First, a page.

I had the privilege to listen to a keynote speaker this weekend at a breast cancer symposium sponsored by my hospital. It was the last talk of the day after our specialist physicians spoke about the latest in surgical, imaging, and reconstructive options.
From the corner of the room, our speaker, Joni Eareckson Tada, wheeled herself to the stage and began to tell us about the diving accident that left her a paraplegic at the age of 17. For a long time, she was depressed, suicidal, and in a "tunnel of despair."
Two years ago, when she was diagnosed with breast cancer at the age of 60, she thought she might go into that dark place again… but she didn't. She now heads a worldwide ministry to assist others with disabilities. She paints beautiful art with a brush between her teeth, and she has served several presidents on various boards. The room was hushed as this vibrant, energetic, and thoughtful individual gave us a glimpse of her journey.
In the United States in 2008, women with disabilities aged 50-74 reported a lower rate of mammography use than women in the same age range without a disability (78.1 percent vs. 82.6 percent).1 Studies also show higher rates of death related to breast cancer among women with a disability, even when they are diagnosed at the same stage as women without a disability.2
The CDC has written some things about women with disabilities. There is not much written on the subject of women with disabilities and breast cancer, but early detection should not be overlooked because of any physical limitations.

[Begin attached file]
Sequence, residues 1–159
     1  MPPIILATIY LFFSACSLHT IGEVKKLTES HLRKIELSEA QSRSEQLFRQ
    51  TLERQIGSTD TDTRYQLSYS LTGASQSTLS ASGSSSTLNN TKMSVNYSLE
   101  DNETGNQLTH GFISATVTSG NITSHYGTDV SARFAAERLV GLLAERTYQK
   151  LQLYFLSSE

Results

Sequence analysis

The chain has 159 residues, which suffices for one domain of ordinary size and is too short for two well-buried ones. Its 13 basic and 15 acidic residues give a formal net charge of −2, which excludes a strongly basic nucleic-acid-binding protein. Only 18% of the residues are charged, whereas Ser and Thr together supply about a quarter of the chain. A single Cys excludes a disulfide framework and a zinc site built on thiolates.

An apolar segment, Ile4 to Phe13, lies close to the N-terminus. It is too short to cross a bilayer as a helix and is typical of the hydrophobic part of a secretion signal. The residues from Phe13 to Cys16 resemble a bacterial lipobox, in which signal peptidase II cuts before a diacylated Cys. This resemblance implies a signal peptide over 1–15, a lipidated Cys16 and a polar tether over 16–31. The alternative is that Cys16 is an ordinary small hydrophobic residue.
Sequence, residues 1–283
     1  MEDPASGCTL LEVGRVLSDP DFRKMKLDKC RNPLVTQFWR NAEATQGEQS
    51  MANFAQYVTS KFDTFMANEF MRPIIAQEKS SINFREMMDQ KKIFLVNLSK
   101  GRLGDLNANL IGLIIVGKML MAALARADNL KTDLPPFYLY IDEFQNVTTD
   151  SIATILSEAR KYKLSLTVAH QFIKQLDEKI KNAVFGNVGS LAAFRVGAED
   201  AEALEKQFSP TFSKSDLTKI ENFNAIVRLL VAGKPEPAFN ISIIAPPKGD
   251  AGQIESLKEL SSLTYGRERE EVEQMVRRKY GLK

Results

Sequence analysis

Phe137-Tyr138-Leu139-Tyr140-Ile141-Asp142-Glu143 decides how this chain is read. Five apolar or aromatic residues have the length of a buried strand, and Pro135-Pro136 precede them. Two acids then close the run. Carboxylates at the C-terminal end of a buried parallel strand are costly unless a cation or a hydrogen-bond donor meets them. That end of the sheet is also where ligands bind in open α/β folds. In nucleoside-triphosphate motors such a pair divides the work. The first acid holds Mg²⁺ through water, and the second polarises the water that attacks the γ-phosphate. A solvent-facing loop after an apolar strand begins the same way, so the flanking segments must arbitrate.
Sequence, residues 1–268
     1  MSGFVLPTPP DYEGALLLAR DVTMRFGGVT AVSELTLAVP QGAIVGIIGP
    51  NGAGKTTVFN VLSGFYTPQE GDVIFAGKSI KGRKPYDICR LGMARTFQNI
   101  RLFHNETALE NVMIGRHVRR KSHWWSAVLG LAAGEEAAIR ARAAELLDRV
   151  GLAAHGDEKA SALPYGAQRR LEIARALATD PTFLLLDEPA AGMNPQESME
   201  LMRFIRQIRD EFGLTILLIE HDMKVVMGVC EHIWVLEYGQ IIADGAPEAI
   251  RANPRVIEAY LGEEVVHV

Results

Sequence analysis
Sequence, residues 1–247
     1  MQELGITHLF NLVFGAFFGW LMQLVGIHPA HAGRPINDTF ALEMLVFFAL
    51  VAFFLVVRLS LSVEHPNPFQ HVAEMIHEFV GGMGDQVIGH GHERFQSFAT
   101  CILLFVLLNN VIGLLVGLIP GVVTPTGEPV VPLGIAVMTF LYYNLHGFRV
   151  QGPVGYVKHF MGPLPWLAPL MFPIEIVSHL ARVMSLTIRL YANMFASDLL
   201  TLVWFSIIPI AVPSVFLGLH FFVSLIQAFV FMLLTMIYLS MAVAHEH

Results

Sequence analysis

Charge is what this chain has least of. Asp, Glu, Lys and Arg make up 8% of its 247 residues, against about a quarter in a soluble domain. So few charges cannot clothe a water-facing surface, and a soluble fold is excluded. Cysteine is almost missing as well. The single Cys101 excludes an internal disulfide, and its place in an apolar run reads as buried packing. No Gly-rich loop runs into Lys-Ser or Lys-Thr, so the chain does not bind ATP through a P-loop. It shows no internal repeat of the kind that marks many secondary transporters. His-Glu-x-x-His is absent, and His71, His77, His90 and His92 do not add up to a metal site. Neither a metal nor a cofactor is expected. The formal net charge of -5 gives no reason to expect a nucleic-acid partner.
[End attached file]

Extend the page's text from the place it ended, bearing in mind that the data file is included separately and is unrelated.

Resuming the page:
A survivor whose mammogram identified her cancer wrote the following:
My final words to women with any type of physical disability are that you've come this far and it hasn't been easy. You've overcome what you had to overcome, you're still alive and you're still functioning. And that in itself shows you that you have the strength to do what you have to do for yourself. You have to take that strength or dig deep inside and find the strength to really take care of yourself. You know you deserve this. We deserve this. From where I'm sitting breast cancer screening is the key to living.3
Tips for women with disabilities2
A woman living with a disability might face a number of challenges that make it difficult to get a quality mammogram and clinical exam. Here are some questions that should be considered when scheduling a mammogram:
- How do I prepare if I use a wheelchair or a scooter?
- Can the machine be adjusted so I can remain seated?
- How long is the appointment, and can I have additional time if I need it?
Let the scheduling staff, radiology technicians, or radiologist know that you can/cannot:
- Sit upright with or without assistance
- Lift and move your arms
- Transfer from your chair/scooter
- Undress/dress without assistance
Joni ended her talk with a delightful story that will stay with me for a long time. She talked about a wonderful pair of gold earrings she had received as a gift. One had fallen off her ear as she was speaking on the phone. Then her wheelchair rolled over it, making it distinctly different from the other one. She could not find a jeweler who could restore the earring to its original shape, but she did find someone who could hammer away at the other one to make it look the same.
The metaphor for me and for my patients: Damage may come into our lives, but that does not mean we cannot be beautiful and recreated into something just as worthwhile as others. That's a good lesson for all of us facing the challenges of disease and have the faith and strength to carry on.
- Breast Cancer and Women with Disabilities. Centers for Disease Control and Prevention.1600 Clifton Rd. Atlanta, GA 30333, USA.
- Disability and Health. Centers for Disease Control and Prevention. Available at http://www.cdc.gov/ncbddd/disabilityandhealth/index.html.
- Joni and Friends. Available at http://www.joniandfriends.org.